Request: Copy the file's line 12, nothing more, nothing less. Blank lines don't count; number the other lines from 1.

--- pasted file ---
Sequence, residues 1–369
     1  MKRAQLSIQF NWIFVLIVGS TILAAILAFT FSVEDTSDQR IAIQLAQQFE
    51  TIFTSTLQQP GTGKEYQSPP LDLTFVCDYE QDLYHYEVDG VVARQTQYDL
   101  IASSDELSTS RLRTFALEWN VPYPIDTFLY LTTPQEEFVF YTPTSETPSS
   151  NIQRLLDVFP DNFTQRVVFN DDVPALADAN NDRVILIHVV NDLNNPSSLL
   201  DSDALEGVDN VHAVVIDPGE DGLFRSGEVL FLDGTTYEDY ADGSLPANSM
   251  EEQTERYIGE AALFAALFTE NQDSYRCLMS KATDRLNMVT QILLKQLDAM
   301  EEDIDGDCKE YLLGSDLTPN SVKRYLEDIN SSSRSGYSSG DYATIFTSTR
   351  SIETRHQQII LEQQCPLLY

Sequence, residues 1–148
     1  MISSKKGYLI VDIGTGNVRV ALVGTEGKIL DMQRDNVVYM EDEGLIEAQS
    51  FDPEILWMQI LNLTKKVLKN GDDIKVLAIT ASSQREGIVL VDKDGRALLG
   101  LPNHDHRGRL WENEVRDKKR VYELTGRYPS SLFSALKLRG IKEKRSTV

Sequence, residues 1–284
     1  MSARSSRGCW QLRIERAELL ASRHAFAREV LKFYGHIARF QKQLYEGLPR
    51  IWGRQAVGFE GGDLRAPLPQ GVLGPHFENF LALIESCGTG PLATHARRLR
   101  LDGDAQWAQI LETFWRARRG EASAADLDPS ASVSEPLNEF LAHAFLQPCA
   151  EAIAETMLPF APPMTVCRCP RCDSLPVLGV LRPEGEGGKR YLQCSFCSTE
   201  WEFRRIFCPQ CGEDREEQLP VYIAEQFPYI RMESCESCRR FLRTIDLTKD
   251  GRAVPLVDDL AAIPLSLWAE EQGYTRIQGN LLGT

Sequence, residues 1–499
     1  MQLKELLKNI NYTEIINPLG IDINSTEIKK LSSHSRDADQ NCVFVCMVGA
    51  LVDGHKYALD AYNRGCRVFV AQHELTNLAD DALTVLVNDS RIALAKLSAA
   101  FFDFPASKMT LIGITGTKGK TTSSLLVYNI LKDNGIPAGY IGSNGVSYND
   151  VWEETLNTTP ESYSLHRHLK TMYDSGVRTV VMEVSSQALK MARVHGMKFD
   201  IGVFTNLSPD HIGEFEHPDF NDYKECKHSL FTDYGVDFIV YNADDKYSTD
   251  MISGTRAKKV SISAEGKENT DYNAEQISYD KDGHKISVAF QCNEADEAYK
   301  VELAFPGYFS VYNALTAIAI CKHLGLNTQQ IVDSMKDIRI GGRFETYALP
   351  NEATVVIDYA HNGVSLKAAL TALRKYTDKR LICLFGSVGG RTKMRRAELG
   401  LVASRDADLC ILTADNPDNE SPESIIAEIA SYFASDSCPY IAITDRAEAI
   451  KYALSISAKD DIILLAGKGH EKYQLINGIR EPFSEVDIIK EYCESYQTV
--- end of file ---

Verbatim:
    51  FDPEILWMQI LNLTKKVLKN GDDIKVLAIT ASSQREGIVL VDKDGRALLG